by Cori Hilsgen
It’s always fun to uncover buried treasures, but for Andy Loso, president of the St. Joseph Historical Society, a recent discovery of a buried church mural was especially interesting.
While renovating the vesting Sacristy, workers uncovered a painting that was part of the mural at the St. Joseph Catholic Church.
Loso, who is the church’s facilities manager, said he had heard about the “Purgatory” painting that was painted by renowned artist Johann Schmitt. Many older parishioners had told him about the beautiful painting that once hung on the east wall of the vesting Sacristy which was originally built as a smaller chapel to be used for daily Mass in the winter months because it was much smaller and less expensive to heat.
After Loso started working for the church 17 years ago, he kept his eyes open for interesting artifacts as he was working in different areas of the church.
His first discovery was two stained-glass windows that originally were located on each side of the church’s high altar.
With help from Nick Studer, the windows were saved for a future use. After Heritage Hall was built, the windows were restored by Studer and installed on the inside entrance doors of the parish center.
Loso said he continued to search for the Purgatory painting, hoping it had been painted on canvas and had been removed and stored away.
At the time of the church’s sesquicentennial, he discussed the mural with a man named Albert Schindler.
Schindler informed Loso he had helped remove the mural from the wall. He also told Loso it was in two pieces and they had rolled it up and given it to the church pastor at that time.
This information encouraged Loso and he continued to search for it.
Loso said the winter chapel space became necessary to update so bathrooms could be handicapped accessible and the area could be accessible to anyone with mobility issues. The construction updates were included as part of a church renovation project.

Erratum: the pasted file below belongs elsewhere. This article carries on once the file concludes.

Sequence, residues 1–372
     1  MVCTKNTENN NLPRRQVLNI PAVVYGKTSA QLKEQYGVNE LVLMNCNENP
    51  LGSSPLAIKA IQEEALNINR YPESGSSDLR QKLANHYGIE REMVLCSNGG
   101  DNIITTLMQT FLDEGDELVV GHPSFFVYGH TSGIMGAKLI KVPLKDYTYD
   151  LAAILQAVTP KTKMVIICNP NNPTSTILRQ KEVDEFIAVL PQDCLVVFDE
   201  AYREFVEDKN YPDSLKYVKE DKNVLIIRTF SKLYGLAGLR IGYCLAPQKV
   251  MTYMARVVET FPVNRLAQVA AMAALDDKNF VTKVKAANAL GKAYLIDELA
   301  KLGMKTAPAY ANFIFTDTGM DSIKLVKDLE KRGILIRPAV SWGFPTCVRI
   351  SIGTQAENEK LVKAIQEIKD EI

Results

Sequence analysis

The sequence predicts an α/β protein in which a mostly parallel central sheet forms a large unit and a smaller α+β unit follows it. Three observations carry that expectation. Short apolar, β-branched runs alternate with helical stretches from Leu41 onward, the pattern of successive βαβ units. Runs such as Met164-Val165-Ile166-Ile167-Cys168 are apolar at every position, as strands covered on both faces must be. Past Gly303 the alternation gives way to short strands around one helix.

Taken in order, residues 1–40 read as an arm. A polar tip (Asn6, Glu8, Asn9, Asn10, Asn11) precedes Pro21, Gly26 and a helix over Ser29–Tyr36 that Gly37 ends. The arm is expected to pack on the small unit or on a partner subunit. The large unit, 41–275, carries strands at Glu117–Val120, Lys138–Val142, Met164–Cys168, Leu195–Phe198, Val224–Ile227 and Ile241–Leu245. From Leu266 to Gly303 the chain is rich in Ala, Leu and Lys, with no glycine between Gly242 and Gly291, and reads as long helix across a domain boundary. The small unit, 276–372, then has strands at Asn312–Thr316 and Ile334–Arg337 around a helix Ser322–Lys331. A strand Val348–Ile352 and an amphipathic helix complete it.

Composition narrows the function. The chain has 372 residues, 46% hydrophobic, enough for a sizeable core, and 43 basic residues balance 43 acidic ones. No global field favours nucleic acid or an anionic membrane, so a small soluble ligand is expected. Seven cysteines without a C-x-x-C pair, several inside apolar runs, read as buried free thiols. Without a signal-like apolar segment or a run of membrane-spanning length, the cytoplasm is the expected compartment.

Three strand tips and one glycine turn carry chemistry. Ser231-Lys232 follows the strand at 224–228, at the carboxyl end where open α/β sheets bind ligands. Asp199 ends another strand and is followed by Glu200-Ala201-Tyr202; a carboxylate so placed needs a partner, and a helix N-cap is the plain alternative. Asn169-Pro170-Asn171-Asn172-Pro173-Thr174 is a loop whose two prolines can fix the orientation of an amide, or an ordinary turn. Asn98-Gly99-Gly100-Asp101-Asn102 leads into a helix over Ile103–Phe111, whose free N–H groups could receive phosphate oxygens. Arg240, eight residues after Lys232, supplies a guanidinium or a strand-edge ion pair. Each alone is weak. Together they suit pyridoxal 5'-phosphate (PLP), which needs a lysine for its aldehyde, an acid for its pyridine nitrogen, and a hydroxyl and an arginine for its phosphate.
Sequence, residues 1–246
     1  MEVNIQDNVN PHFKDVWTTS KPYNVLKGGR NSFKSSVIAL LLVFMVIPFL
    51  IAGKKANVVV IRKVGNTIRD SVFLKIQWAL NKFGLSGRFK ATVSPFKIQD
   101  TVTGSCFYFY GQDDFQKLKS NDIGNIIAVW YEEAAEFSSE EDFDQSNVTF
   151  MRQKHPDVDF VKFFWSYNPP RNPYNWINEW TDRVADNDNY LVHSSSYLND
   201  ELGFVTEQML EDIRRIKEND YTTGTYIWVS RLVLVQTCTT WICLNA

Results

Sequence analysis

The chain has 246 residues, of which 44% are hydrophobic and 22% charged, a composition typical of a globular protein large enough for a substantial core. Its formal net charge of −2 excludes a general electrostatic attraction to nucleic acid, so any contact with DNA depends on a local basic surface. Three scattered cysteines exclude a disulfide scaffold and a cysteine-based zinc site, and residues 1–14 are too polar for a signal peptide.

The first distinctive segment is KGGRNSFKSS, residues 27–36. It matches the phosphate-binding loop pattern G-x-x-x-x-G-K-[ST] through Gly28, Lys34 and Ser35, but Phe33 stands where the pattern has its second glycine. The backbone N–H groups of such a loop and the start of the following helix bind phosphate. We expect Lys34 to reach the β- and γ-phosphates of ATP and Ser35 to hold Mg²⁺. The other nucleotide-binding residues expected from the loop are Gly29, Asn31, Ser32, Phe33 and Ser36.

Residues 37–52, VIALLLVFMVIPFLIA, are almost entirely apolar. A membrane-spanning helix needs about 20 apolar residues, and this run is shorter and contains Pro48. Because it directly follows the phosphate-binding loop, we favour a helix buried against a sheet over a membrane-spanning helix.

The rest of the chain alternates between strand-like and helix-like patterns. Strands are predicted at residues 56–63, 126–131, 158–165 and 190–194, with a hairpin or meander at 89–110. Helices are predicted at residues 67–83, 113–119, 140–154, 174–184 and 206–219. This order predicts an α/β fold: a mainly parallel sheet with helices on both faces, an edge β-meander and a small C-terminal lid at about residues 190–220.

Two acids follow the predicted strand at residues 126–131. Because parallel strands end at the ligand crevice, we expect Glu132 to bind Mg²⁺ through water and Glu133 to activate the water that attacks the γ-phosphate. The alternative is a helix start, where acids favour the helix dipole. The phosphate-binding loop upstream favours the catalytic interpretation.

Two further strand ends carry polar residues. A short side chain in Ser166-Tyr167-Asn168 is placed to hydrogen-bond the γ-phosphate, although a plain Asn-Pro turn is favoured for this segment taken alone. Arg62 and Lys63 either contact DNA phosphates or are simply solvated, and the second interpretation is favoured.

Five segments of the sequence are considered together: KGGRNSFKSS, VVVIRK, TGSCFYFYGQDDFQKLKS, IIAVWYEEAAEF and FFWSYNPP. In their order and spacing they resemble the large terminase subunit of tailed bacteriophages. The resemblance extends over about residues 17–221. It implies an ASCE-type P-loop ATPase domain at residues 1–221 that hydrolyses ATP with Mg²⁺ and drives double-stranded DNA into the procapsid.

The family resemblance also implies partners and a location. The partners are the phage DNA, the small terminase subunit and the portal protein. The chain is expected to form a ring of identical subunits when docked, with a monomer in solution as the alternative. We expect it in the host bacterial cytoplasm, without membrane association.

He said similar to when the church was built, parishioners stepped forward to do the demolition of the space to help the church save money.
At the end of August, Dale Sand, and his crew of Dave Sand and Joseph Loso, began the removal of the interior of the winter chapel. On the third day, Dale Sand showed Andy Loso a wooden door behind the east wall of drywall. On the door was a painting of what Loso describes as an “angel, monk and sister behind the gates of Purgatory trying to help others rise from the flames of hell and ascend into heaven.”
Loso was very interested in the painting.
“It was a great feeling to finally see that a piece of this mural still resided in this space,” Loso said. “The next thing was to decide what is to be done with this piece of history. The remodel called for a closet over this space. We went from revision four to revision six of the design of this space quickly. Currently, we are hoping to leave (the painting) in this space as it was found and encase it so everyone can see it once again.”
The Rev. Jerome Tupa, an artist himself, gave the mural a light cleaning and Loso said the vibrant colors are once again popping off the door.
Because the door is in the mural, Loso believes previous parishioners and others decided it was easier to leave the door where it was.
“I wish they would have just left the entire mural on the wall, but it didn’t remain,” he said. “There are remnants of canvas still tacked to the wall, but it appears they may have used a knife to cut along the tacks and just removed the pieces as they fell. On the ceiling of the space, you can see the clouds that were painted (on) the ceiling panels. One of those remains.”
When writing about the parish’s history in the book “Rooted in Christ the Living Stone, The Story of St. Joseph Church, St. Joseph, Minnesota A Sesquicentennial Celebration 1856-2006,” Sister Owen Lindblad described the mural as follows.
“Inside the winter chapel hung a large canvas mural entitled ‘Purgatory’.” It was painted by a renowned Catholic, and deeply religious artist, Johann Schmitt. Schmitt was born in 1825 in Heinstadt, Baden, Germany. He studied art in Munich, Germany and New York. His rise to fame was phenomenal. His paintings, especially murals, were found in many older churches of the Midwest. His work breathed deep religious thought – fresh in color, chaste in design. Considered the finest painter in America at the time, Schmitt introduced a more religious note into devotional art which preserved a part of the history of Catholic art in America.”
A photo of the complete mural can be found in Lindblad’s book.